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Sunday, August 06, 2006

Domaine des Perdrix Nuits-Saint-Georges 1er Cru Aux Perdrix

Domaine des Perdrix

Domaine des Perdrix is a small estate with vines covering numerous appellations within the Cote de Nuit. The two that draw the most attention and interest from most burgundy lovers being the wine coming from a large parcel of Grand Cru Echezeaux and the monopole of Aux Perdrix in Nuits-St-Georges. Gamecock garnet is rather appropriate to describe the vibrant colour of this burgundy. A chocolaty floral nose grabbed our attention followed on the palate with concentrated yet acidic dark cherry, berry and coco. New oak is integrating nicely, providing a window for classic burgundian secondary development characteristics.

Domaine des Perdrix Nuits-Saint-Georges 1er Cru Aux Perdrix 1998:
A rich colour, vibrant garnet red with good intensity of hue. Very ripe on the nose, with primary aromas of dark summer berries, predominantly blackcurrants, with some cocoa-rich chocolate and mushroom notes. Quite full on the palate, with a firm, muscular texture, strong acidity and some good tannins. There's lovely, fresh, acidic fruit as well. Overall fairly simple at present, but structured, well balanced and displaying plenty of promise. I have previous vintages of this wine cellared, including the superb 1996.

Thursday, May 25, 2006

Clos du Chene vert 2004 Charles Joguet Chinon

Clos du Chêne vert 2004

The attack is straightforward and ample; the mouth, somewhat austere for the moment, reveals a well present tannic structure, with fruit masked by the imposing structure.
The still biting tannins need training time.
Impressive presence and persistence in the mouth, with a spicy finish complete with hints of menthol.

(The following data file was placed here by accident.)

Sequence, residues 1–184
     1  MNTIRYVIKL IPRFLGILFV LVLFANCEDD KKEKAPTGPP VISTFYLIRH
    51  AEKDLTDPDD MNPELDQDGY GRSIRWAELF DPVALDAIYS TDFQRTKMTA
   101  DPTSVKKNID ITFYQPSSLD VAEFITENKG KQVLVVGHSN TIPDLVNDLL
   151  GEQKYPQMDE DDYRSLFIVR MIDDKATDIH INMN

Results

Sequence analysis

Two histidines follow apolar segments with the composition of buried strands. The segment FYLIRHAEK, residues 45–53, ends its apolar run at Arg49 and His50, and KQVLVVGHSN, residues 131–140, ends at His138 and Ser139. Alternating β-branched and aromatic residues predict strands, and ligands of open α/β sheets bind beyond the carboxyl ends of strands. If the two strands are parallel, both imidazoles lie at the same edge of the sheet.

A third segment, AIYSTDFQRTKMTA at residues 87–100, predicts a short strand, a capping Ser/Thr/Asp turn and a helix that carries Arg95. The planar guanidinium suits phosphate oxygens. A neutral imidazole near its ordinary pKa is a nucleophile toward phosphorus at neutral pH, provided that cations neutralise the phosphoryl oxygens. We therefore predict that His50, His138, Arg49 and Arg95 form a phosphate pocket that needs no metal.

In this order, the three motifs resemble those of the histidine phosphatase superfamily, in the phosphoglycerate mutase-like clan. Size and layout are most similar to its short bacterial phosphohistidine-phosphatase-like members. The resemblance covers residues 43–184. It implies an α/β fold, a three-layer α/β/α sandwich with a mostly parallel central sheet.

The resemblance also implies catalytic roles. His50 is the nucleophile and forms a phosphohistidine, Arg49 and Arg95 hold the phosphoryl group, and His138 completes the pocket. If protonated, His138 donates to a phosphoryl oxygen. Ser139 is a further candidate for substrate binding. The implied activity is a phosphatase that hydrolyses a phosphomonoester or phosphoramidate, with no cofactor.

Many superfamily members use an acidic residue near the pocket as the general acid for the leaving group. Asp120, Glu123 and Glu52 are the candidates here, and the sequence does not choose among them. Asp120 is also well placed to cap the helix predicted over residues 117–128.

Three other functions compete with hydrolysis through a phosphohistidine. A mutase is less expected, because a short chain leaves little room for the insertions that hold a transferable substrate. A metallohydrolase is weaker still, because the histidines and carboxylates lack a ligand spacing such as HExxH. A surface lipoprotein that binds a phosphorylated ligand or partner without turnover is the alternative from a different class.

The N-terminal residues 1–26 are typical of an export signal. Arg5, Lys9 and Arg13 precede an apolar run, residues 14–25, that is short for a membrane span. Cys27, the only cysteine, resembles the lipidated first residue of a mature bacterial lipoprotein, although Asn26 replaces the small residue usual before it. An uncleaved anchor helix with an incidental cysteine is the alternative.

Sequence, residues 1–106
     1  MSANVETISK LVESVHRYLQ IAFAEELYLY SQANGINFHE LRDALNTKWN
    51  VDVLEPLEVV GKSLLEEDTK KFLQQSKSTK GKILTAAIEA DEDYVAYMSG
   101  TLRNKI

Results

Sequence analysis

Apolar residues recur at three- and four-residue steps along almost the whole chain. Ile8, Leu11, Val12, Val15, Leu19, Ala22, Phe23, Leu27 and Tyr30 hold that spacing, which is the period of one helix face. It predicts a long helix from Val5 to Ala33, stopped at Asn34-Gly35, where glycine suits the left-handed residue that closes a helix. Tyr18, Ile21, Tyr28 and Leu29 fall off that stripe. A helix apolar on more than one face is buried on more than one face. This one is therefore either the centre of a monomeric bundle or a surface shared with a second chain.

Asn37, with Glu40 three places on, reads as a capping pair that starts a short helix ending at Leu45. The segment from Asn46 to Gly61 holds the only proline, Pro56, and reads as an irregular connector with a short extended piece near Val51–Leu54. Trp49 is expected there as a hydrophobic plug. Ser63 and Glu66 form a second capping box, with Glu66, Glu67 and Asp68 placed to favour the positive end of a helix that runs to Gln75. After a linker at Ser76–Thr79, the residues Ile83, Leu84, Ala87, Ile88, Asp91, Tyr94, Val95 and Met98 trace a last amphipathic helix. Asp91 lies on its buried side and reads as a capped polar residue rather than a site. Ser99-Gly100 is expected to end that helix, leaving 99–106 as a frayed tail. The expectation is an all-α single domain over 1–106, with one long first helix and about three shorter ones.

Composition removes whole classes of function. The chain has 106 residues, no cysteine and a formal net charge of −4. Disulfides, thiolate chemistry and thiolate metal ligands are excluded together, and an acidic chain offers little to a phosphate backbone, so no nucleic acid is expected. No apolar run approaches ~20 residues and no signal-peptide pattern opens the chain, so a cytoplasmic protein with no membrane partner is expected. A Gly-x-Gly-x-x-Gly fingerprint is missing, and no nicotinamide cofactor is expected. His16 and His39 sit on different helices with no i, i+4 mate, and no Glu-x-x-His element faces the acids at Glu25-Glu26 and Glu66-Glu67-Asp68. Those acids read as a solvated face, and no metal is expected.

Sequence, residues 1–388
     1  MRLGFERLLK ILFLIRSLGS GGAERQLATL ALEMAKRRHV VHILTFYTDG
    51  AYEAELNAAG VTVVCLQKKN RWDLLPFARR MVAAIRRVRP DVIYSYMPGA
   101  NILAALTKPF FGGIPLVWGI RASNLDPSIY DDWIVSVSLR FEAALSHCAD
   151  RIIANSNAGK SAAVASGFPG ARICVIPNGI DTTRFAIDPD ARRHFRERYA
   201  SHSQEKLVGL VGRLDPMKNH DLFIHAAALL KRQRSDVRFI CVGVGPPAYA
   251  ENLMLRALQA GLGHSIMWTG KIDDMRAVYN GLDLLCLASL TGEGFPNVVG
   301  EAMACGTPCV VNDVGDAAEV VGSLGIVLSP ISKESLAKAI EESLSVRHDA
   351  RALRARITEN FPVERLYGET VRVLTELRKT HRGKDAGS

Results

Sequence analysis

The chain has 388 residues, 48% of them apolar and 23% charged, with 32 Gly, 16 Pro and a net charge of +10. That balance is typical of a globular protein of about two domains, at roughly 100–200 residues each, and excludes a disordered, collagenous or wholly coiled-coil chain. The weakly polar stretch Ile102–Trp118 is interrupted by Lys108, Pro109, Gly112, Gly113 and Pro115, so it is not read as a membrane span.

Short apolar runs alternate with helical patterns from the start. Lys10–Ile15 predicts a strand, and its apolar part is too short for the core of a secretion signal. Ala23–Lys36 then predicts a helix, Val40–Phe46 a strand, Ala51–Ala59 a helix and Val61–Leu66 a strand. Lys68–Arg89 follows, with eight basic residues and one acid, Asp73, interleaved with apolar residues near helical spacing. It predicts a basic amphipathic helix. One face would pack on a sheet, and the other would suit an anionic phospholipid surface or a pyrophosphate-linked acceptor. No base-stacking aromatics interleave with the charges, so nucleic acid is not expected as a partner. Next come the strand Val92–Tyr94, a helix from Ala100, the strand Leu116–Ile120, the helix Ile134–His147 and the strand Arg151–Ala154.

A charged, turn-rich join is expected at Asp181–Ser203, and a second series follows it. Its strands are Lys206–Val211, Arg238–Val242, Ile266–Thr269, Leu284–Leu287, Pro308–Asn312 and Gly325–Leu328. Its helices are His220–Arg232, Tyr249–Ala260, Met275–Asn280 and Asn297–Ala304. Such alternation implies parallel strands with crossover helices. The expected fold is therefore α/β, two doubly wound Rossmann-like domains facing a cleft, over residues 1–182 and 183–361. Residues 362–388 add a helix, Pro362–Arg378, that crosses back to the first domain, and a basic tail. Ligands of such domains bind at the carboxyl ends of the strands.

Some time in the oak will refine this robust substance.
Dated April 29, 2005

Tasting advice
Keep it quiet in a good cellar until 2010-2012.
Will keep until 2015.

Comment on the vintage and the 2004 harvest
Rarely has the word “balance” described a vintage so perfectly as it does the 2004: the sugar/acid duo reached what is almost an ideal level, thanks to a very generous month of September that excelled itself, as it often does, to make up for a very rainy August.
For the Cabernet Franc, the 2004 harvests kicked off on October 1, ending on October, 18.
Harvesting took place in excellent conditions the first week, although some sporadic cloudburst followed, making life a bit harder for our fifty harvesters, who finished their work in rather difficult conditions!
The quality of the harvest remained intact: it was even almost perfect, with potential degrees oscillating between 12° and 13.5°, depending on the plot.
The harvest is uniform, with yields around 48 hl/ha (or 1 950 litres per acre), appreciably more than last year.
Overall, the harvest is thus significant in volume and of excellent quality: it brings to mind 1990 in terms of quantity and maybe even 1996 for balance, with doubtless more density than these last two great vintages.
The Chenin Blanc of Clos de la Plante Martin was harvested on October, 18, the very last day, and in one pass, as the weather was deteriorating, leaving no hope for any over-ripeness. This will thus be a traditional dry wine, a lovely and classic Loire Chenin.